A Brief History
The wz. 34 armored car was developed as a modification of the wz. 28 half-track armored car with the tracked wheels being replaced with tires. This allowed simpler maintenance and improved the off-road capabilities. Ten squadrons of armored cars (80+ vehicles) were mobilized in September 1939. In these first days of fighting, the cars were used for reconnaissance and support. Polish crews achieved success by using the element of surprise despite German equipment superiority.
Although containing a moderate amount of parts, the kit builds into a fairly detailed model. There is a lot of flash on some of the smaller parts that can be difficult to remove. Great care must be taken not to break parts removing them from heavy sprue attachment points. The model does not have an interior so there needs to be a lot of research if one is to be added by the modeler. The instructions are in the exploded view format and the individual parts are called out in numbers corresponding to locations on the sprues. There is no parts layout diagram showing parts locations on the sprues and I ended up with some parts left over. Maybe they are for another variation of the vehicle. Three different types of weapon armament are offered for the turret depending on which version is being built. There are three different paint schemes offered: a segmented 3-color scheme introduced in 1931/1932, a non-segmented 3-color scheme introduced in 1936 and a Panzer gray scheme used on a captured German vehicle in 1939.
Construction starts with gluing the vehicle sides to the model base. The body is molded in a fine coarse texture that to my eyes looks like the armor it is meant to represent. The back of the body is attached next along with a choice of radiators: a closed or open armored radiator or a conventional looking radiator. A viewing plate for the driver is attached next along with undercarriage parts, axles and suspension. Fenders can be attached next using bent attachment parts. The turret uses a part that fits into the body top and can be locked in place if desired using two tabs corresponding to slots in the body top. A small piece for the armament can be attached to the front of the turret at this time. The kit comes with rubber tires that have heavy molding flash on the tread that needs to be removed. Tires fit on a 2-piece rim with a short cylindrical piece attaching the wheel to the axle. The fit to the axles varies so care must be taken to align the wheels before any glue has a chance to set. The front axle location seems a little too far forward and I did not realize that until the front wheels were attached. A shovel and a large pickaxe are two accessory items offered. I chose to paint my model in a Panzer gray scheme due to the complexity of the 3-color segmented scheme. A series of paper signal flags are offered to attach to the completed model using small wires if the 3-color segmented paint scheme is done. The Panzer gray scheme has white cross decals for the sides and front. The decals are very thin and when I tried to apply the large crosses to the body sides, they disintegrated but the ones on the front and back of the body and the turret sides went on fine.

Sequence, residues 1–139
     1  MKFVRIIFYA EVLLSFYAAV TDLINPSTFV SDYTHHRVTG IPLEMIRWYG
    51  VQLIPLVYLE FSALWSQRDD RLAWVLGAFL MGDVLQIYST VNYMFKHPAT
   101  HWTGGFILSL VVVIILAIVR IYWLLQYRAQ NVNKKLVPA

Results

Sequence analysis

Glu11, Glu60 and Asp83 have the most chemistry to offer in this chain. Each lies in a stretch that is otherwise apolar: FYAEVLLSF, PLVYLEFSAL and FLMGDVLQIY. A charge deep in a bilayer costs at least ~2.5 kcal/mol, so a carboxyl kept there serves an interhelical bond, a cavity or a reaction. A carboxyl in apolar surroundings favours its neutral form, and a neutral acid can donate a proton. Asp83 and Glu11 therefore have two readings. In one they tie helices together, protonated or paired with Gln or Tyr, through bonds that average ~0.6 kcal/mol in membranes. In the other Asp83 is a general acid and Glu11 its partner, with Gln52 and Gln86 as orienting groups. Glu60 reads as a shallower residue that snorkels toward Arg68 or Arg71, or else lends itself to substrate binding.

I usually build aircraft, but wanted something a little different for a change of pace. Mirage’s armored car may have been easier for a dedicated armor builder, but I still had fun trying my hand at building something different. My last armor model build had been many, many years ago. Even though I may have had difficulty at times with this build, it was interesting and educational. The armored car builds into a neat little model that would be an addition to any diorama pertaining to the early days of World War II.
I would like to thank Mirage Hobby and providing this kit to IPMS/UAS and allowing me to review it.